Sciency Words: Pomology

Hello, friends!  Welcome to Sciency Words, a special series here on Planet Pailly where we talk about those weird and wonderful words scientists use.  In this week’s episode of Sciency Words, we’re talking about:


I picked this word up from fellow blogger Kate Rauner.  Click here to check out her post on some recent and exciting pomological discoveries!

The word pomology comes from a Latin word meaning “fruit” and a Greek word meaning “the study of.”  So pomology is the scientific study of fruit, especially domesticated fruits.  How can we grow fruits more easily?  How can we improve fruits to make them tastier and/or more nutritious?  How can we better protect the fruits we eat from disease?  These are the kinds of questions pomologists seek to answer.

Charles Downing is widely regarded as the father of modern pomology.  He, along with his brother, Andrew Jackson Downing, published a book in 1851 entitled The Fruits and Fruit Trees of America.  Obviously the Downing Brothers were not the first people to ever study fruit, nor do they get credit for coining the words “pomology” or “pomologist.”  Rather, they sought to clean up what they called the “embarrassing” state of pomology at the time, and in so doing they helped to establish pomology as a legitimate science.

Wait, I forget.  Are these fruits or vegetables?

As a science fiction writer, I am delighted to have learned this word.  It seems to me that every space outpost and space colony, every multi-generational spaceship, and every other community of humans that ventures off into deep space, ought to have a pomology officer on staff—perhaps even an entire pomology department.  And I suspect the work of these pomology officers will be very much appreciated, too!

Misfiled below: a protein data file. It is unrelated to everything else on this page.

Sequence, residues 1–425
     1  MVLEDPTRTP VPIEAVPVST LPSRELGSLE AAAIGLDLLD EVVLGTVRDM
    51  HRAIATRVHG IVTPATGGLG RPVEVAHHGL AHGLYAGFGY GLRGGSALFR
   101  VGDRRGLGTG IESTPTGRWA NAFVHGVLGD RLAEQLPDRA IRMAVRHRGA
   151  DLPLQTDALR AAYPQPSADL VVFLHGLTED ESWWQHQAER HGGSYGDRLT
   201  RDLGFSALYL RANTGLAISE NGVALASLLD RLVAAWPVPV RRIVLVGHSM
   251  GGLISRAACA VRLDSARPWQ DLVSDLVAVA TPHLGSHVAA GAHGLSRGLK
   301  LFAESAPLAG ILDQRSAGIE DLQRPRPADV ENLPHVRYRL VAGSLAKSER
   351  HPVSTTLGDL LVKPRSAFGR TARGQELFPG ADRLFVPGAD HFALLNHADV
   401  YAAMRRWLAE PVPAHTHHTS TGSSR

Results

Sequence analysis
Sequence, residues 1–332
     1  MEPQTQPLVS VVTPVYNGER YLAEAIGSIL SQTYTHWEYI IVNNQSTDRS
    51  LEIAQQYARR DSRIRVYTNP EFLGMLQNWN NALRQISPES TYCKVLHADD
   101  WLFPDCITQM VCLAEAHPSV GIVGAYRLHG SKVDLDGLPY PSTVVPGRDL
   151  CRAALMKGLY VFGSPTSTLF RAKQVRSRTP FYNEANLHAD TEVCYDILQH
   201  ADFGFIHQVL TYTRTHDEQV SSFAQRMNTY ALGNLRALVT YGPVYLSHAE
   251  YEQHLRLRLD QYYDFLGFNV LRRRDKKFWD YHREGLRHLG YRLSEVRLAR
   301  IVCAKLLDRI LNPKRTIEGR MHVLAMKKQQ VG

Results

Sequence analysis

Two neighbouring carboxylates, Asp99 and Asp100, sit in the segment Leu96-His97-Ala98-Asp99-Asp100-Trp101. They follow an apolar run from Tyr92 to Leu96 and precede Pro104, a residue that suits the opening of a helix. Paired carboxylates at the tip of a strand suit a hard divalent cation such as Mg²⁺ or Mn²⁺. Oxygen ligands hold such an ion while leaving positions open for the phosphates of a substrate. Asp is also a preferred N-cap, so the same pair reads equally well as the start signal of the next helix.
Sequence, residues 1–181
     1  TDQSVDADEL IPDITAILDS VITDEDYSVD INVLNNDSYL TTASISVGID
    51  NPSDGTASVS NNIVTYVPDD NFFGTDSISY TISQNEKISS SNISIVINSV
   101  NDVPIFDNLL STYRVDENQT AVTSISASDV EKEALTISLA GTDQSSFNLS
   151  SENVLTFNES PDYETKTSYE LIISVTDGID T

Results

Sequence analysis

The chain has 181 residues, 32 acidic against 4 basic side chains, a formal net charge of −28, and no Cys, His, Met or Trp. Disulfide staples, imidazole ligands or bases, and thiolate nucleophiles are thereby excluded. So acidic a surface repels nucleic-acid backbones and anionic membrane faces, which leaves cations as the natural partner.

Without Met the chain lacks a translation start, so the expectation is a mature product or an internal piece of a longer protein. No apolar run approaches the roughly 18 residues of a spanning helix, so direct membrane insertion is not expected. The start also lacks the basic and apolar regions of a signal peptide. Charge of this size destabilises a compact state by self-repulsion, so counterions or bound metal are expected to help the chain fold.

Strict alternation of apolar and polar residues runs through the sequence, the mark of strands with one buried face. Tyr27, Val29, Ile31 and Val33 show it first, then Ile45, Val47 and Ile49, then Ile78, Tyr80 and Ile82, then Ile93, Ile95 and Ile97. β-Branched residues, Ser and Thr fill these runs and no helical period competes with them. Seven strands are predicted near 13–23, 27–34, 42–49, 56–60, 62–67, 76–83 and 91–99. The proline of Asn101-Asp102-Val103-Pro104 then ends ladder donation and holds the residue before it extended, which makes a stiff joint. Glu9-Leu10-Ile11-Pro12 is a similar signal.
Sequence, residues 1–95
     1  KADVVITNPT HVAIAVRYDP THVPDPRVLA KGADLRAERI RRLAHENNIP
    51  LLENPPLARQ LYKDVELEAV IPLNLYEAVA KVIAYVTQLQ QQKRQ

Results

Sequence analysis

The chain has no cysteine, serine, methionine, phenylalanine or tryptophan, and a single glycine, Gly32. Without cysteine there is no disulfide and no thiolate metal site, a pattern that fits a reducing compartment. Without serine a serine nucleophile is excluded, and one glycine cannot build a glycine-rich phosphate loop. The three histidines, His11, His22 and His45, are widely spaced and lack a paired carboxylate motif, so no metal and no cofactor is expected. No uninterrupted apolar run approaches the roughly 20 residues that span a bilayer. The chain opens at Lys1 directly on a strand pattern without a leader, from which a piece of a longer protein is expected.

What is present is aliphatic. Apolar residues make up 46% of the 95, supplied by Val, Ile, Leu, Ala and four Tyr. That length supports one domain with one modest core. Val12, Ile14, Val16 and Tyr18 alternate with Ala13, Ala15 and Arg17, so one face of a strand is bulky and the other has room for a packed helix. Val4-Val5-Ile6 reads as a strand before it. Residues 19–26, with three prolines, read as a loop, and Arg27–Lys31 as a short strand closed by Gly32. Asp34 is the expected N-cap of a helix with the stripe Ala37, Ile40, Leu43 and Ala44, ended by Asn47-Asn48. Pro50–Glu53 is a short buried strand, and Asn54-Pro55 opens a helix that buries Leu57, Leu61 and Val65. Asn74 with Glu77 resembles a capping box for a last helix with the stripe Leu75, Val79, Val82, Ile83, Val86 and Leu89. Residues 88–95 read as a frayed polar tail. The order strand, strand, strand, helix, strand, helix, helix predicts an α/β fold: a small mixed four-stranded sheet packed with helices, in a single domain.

As the Downing Brothers wrote way back in 1851: “[Fruit] is the most perfect union of the useful and the beautiful that the earth knows.”  And that “perfect union” of utility and beauty, of nutrition and flavor… that is exactly what any mission into deep space needs most.

P.S.: In case you were wondering, yes, NASA is already doing pomological research for space missions.

6 thoughts on “Sciency Words: Pomology

    1. For a long time, I thought tomatoes were this one weird exception. Then I found out that cucumbers are fruit, and after that I figured out the rest on my own. The word fruit means one thing in botany and another thing in grocery stores, sort of like how metal means one thing to astronomers and another thing to literally everybody else.

      Liked by 2 people

      1. I’ve often wondered how the astronomy version of metal came about. Like maybe the first things they noticed in their spectral lines actually were metals, but they just kept using the term with everything above helium since, for them, it’s all trace amounts.

        Liked by 2 people

      2. That’s my guess too. At some point, I read a paper from the 1950’s that seemed to use the spectral lines of nickel, iron, and one other metal as proxies for all non-hydrogen and non-helium elements. So I don’t know for sure, but I think that’s where it came from.

        Liked by 2 people

    1. I had to look up what “cant” means. That’s a very useful word to have, especially when there’s so much cant out in the world these days. And no, we should not pretend it doesn’t exist.


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